And while selective skilled immigration obviously makes economic sense, mass unskilled immigration constitutes a threat to the livelihoods of low-skilled natives and a drain on the health, welfare, and criminal justice systems. It also negatively affects housing, social cohesion, and even the environment. And then there is the issue of Islam, the world’s fastest growing religion, posing a security risk—not to mention the bigotry and backwardness that comes with it.

For decades, virtually anyone who voiced such concerns was branded a racist—with the effect that the word has lost its power to dissuade people from voting for the populist right. Conversely, the latter has consistently addressed these issues and has often been in a position to say, “I told you so.” Trying to keep up and stay relevant, Europe’s banged-up mainstream parties, even those left of center, now seem to be taking a tougher stance on immigration.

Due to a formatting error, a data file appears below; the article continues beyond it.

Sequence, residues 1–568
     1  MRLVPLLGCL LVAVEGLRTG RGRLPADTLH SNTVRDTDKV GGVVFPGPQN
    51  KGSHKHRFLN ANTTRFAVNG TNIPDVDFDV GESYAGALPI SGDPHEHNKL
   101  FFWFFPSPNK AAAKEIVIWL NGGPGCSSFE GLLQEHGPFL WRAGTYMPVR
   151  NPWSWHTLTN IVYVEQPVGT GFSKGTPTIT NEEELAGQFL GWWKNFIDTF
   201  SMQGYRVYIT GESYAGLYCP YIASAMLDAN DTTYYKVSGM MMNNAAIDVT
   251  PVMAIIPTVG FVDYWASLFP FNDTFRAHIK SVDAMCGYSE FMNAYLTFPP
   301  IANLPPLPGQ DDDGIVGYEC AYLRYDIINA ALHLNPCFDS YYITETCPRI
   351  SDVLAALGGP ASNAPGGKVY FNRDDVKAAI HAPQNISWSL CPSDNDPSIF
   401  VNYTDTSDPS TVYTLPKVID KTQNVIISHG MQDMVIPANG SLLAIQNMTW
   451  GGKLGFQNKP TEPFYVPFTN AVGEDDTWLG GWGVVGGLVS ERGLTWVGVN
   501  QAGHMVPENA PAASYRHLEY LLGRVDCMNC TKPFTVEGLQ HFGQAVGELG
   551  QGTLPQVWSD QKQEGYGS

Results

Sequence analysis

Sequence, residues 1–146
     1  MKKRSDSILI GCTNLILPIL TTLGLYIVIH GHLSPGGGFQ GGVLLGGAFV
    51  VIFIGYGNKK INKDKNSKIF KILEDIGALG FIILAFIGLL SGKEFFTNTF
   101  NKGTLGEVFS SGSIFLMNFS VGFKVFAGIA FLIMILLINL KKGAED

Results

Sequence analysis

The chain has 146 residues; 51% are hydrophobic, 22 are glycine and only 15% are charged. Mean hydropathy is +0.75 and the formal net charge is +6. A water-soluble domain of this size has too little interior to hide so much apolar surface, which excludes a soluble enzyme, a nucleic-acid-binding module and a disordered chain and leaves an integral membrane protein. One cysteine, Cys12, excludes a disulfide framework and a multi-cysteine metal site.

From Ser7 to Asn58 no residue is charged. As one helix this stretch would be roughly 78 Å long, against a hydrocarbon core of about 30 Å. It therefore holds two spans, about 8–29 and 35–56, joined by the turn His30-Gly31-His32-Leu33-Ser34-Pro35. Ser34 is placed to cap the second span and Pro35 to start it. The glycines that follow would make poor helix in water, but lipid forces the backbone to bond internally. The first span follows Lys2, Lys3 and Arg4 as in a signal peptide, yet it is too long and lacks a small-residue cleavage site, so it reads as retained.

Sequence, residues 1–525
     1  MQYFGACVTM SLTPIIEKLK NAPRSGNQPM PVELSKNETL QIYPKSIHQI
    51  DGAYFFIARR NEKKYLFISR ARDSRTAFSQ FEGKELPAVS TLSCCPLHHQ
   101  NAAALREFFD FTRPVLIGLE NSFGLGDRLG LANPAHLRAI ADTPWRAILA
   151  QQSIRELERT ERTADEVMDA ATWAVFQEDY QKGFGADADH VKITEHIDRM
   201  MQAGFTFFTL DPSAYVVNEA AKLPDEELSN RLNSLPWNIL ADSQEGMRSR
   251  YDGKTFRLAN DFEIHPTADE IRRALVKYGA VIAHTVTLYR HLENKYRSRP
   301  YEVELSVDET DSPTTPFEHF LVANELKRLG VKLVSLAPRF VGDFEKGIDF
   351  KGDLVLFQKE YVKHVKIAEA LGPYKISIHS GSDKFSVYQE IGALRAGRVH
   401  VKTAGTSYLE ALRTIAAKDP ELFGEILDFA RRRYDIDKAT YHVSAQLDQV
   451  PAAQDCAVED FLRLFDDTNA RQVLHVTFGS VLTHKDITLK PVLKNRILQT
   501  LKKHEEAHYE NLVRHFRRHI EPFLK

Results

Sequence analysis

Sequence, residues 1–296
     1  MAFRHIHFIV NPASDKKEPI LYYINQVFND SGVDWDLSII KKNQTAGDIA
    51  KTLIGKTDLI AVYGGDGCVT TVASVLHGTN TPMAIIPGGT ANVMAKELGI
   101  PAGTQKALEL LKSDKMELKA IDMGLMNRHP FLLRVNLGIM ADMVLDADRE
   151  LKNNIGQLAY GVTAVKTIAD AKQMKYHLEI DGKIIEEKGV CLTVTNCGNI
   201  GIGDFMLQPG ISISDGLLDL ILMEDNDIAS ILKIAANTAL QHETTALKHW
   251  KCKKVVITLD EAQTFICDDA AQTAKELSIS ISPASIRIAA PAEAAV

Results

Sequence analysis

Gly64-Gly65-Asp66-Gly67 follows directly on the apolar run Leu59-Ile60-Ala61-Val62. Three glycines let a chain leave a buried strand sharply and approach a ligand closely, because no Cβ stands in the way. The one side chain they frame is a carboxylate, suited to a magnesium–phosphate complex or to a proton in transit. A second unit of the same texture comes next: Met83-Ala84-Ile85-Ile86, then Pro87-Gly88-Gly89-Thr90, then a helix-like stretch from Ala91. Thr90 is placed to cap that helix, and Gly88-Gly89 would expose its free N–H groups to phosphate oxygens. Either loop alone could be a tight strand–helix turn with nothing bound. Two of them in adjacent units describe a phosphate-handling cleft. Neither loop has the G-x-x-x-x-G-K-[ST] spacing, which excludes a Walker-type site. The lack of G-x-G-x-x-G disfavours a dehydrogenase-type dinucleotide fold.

The open display of anti-Semitism and support for jihadism at Islamist mass protests following Hamas’s barbaric attack on innocent Israeli civilians on October 7, 2023, functioned as a catalyst for this shift—especially in Germany, where I live. In light of the country’s Nazi past, which had hitherto been used to justify liberal immigration policies, such obscene transgressions simply could not be tolerated any longer.

Before October 7th, it would have been scandalous for a left-winger like Chancellor Scholz to proclaim, “We have to deport people more often and faster.” Even Vice Chancellor Robert Habeck from the pro-immigrant Green Party said that non-Germans who burn the Israeli flag or praise Hamas “risk their residency status,” and those without “a residence permit will have provided a reason to be deported.” Such clear words were previously missing from the debate.

What is more, Germany is currently cracking down on illegal immigration, an initiative supported by politicians from across the political spectrum, often out of fear of a far-right takeover. The question, however, is whether taking a page from the anti-immigrant right’s book is a sustainable tactic for the moderate center or whether this approach will backfire. After all, the message it sends is that the right-wing populists were right all along. And many voters will prefer the original to the copy.